Skating Judges Biased Toward Their Countries, Data Suggests

One eligible judge, from Russia, fueled an international outcry at the last Winter Games in Sochi after she hugged a compatriot who had just completed her short program and went on to win the gold, beating out the favorite

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Ahn Young-joon/AP, File

Some people close to Olympic figure skating are worried about scandal overtaking the sport at the Pyeongchang Games, which get underway this week, because they believe not enough has been done to fix a biased system, NBC News reports.

"Imagine an audience watching football, and a team getting a touchdown, but not getting points for that," said former competitive skater Chloe Katz, who has won medals in U.S. and international competitions. "I think that's the equivalent of what's happening right now in figure skating."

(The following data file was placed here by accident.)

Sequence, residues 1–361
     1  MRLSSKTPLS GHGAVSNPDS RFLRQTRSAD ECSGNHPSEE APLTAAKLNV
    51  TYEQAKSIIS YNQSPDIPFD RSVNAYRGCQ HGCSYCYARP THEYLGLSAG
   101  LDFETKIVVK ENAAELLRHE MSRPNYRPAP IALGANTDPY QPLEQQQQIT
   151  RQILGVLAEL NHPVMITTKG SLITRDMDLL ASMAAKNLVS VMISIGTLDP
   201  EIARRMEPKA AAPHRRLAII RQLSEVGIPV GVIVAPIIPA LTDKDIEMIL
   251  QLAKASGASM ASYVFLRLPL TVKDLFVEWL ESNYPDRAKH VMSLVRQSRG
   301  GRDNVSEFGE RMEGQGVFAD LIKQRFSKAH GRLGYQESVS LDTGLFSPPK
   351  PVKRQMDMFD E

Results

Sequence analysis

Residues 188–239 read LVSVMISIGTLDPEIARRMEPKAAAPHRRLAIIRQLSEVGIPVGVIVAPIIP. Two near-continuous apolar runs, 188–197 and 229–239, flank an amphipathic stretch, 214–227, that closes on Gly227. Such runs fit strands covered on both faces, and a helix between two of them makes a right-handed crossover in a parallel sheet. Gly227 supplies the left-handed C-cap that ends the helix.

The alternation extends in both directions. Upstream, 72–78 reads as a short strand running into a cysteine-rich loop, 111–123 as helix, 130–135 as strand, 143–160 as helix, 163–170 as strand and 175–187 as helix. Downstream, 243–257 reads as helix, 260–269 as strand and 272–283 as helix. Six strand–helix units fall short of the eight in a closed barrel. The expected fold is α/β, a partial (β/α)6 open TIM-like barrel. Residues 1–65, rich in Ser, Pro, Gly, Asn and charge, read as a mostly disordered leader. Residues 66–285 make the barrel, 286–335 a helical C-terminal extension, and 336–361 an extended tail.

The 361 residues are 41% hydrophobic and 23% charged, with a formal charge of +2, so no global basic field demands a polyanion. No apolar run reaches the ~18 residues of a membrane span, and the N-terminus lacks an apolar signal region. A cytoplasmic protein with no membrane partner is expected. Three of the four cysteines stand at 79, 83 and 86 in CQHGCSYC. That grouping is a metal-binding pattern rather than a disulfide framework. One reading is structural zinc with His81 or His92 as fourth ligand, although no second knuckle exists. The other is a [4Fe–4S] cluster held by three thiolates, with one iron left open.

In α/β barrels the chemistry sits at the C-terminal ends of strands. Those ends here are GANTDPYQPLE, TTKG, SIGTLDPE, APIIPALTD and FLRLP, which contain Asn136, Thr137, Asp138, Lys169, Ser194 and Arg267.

An NBC News investigation found that, of the 164 judges eligible to participate in Pyeongchang, 33 hold or have held leadership positions in their national skating federations, a possible conflict of interest. A Dartmouth economics professor has consistently found bias in scores at international skating competitions over 15 years.

One eligible judge, from Russia, fueled an international outcry at the last Winter Games in Sochi after she hugged a compatriot who had just completed her short program and went on to win the gold, beating out the favorite.

Asked to comment on the findings of bias, the International Skating Union told NBC News that it has an Officials Assessment Commission whose "role is to evaluate anomalies in the judges' scores and decisions taken by the technical panel."

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